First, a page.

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usariem-welcomes-22nd-commander

USARIEM welcomes 22nd commander

U.S. Army - Thursday 12th July, 2018

NATICK, Mass. (July 11, 2018) -- Col. Sean S. O'Neil became the 22nd commander of the U.S. Army Research Institute of Environmental Medicine, or USARIEM, in a June 10 change of command ceremony.

O'Neil took over from Col. Raymond L. Phua as Maj. Gen. Barbara R. Holcomb, commanding general, U.S. Army Medical Research and Materiel Command, or USAMRMC, presided. O'Neil previously served as the deputy medical acquisition consultant to the Army Surgeon General, and he recently graduated from the U.S. Naval War College in Rhode Island. Phua retired from the Army after 32 years of service.

At the beginning of O'Neil's military career, he once served as USARIEM's chief of logistics. Holcomb pointed out that in O'Neil, USARIEM was getting a commander who has a 'genuine passion for Army medicine.'

'Unlike other processes in life, we cannot interrupt the delivery of medicine to our warfighters,' Holcomb said. 'As a medical logistician, Sean lives in the real world of delivering reliable solutions to the Soldier and the clinician.'

As he addressed his Soldiers and workforce for the first time as the USARIEM Commander, O'Neil said he was thrilled to return to Natick and the USARIEM team.

'As our Soldiers were prosecuting those wars, you all, the men and women of USARIEM, have dedicated your passions, talents, incredible expertise and special skills in order to improve warfighter health and performance,' O'Neil said. 'I've seen firsthand, everywhere I've been--at home station, at training events and while deployed--USARIEM's fingerprints are everywhere.

'I'm incredibly thrilled to have this opportunity to return as your commander. I pledge my complete commitment to you and our mission.'

Holcomb recognized Phua's 'diligent and unwavering leadership' of USARIEM during a busy two years in its history. In particular, Holcomb focused on Phua's support behind validating the effectiveness of the Occupational Physical Assessment Test, or OPAT.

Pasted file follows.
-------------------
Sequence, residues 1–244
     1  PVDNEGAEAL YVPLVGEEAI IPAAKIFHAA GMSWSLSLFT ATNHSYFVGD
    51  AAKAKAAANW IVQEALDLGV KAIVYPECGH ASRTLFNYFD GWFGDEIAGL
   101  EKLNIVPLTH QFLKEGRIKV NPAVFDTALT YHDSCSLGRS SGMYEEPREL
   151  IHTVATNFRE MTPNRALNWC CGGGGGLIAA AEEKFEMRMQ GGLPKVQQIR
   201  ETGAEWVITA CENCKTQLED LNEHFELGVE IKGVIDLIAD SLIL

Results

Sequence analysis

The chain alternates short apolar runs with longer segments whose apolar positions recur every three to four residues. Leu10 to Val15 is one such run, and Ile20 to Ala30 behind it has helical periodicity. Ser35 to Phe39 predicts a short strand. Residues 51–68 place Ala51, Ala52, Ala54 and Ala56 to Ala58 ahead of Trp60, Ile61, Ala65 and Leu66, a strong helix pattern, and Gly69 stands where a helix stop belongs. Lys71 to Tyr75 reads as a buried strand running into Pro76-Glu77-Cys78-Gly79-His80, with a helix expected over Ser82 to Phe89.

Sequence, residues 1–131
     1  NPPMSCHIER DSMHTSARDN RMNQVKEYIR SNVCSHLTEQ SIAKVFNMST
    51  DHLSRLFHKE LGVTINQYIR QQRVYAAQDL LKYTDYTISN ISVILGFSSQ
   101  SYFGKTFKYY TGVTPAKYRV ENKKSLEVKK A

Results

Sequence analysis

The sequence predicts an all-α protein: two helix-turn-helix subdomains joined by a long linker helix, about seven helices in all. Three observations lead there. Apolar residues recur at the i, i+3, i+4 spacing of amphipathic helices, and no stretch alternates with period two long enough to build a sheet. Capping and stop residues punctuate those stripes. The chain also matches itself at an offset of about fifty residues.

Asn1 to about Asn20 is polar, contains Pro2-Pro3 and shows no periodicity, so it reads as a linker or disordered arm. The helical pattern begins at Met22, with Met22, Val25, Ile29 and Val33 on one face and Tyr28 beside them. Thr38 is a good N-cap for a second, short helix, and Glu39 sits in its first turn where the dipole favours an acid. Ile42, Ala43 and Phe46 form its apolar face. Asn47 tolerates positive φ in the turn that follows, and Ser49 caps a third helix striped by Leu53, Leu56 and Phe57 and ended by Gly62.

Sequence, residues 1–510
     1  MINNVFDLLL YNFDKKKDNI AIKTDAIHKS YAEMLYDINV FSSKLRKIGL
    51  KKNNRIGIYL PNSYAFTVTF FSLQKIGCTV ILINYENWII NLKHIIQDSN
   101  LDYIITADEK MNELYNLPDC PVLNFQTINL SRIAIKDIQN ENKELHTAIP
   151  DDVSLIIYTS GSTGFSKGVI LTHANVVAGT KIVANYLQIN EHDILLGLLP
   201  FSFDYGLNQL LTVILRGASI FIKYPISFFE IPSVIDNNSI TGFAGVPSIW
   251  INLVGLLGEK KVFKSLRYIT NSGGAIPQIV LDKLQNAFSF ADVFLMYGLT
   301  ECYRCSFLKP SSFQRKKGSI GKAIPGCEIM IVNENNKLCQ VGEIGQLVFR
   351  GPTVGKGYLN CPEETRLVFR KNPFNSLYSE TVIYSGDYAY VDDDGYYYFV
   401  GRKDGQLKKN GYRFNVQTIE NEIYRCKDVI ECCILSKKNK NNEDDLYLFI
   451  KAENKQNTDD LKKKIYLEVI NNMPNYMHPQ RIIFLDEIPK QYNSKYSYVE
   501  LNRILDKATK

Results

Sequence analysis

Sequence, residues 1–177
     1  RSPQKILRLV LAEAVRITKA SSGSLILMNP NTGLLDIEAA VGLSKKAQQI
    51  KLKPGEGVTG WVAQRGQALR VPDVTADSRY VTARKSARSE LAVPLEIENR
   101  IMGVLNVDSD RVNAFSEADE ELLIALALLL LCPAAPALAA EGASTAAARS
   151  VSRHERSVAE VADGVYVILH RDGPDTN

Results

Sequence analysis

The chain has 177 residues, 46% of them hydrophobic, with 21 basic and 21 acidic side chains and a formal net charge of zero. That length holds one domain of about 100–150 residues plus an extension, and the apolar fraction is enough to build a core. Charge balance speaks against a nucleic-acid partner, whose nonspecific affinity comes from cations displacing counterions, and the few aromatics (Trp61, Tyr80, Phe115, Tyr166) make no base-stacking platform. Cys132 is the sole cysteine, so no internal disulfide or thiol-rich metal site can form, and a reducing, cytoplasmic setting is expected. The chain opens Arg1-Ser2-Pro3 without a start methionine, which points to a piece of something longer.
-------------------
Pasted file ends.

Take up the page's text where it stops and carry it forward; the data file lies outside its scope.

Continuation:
'When Col. Phua became the commander here at USARIEM, he put his support behind another highly successful performance initiative: The OPAT test validation,' Holcomb said. 'This battery of four physical performance tests is what is now administered to all Army recruits to assess their physical performance capabilities to determine if they are fit to serve. The Training and Doctrine Command validated the OPAT this past year.

'In addition to a 50 million dollar cost savings in the first nine months, the data generated by this validation contributed to Army and Department of Defense policy changes that led to opening combat military occupational specialties to female warfighters.'

O'Neil also saluted Phua's two years of service at USARIEM and his 32 years of service to the nation.

Phua said that he 'was deeply honored to have served our country, the U.S. Army and USAMRMC as USARIEM's 21st commander.' He noted that USARIEM has crossed many milestones over the past two years, including implementing new products such as the Performance Readiness Bar and wearable physiological status monitors, as well as beginning the groundbreaking for two new facilities that will enable USARIEM's mission to optimize warfighter health and performance: The Soldier Squad Performance Research Institute, or S2PRINT, in Natick and the new High Altitude Research Laboratory on top of Pikes Peak in Colorado Springs.

In particular he mentioned the impact that the OPAT and the ARIEM Reduction in Musculoskeletal Injury, or ARMI, study, two of the largest data collections in USARIEM's history, will have on optimizing Army readiness.

'The OPAT is one of USARIEM's greatest accomplishments, as it affects every Soldier assessed in the U.S. Army,' Phua said. 'While the OPAT was wrapping up, USARIEM researchers were already leaning forward in the saddle, receiving institutional review board approval for the ARMI study, an effort to better understand who is more likely to get injured and what can affect injury risk. This multidisciplinary team of researchers is currently collecting bone and muscle data from four thousand recruits as they go through basic combat training. They are following the recruits during the first few years of their military careers. This data collection is part of a four-year longitudinal study. I predict it, too, will someday be as influential in shaping how a Soldier physically trains.

'Col. O'Neil, your biography speaks for itself. You are no stranger to the USAMRMC family or to USARIEM, having previously served as deputy commanding officer at the U.S. Army Medical Material Development Activity, as well as chief of logistics at USARIEM. Your previous leadership experience will serve you well. It will be called upon as you guide this great organization to achieve new milestones.'

In her closing remarks, Holcomb praised the people who work in USARIEM.

'Environmental medicine is an essential precursor to readiness,' Holcomb said. 'The team at USARIEM is phenomenal, and I want to take a moment to honor all service members, civilians and contractors who come together to support this important mission. Thank you for the work you do, which makes a profound difference for service members and for the success of military medicine.'

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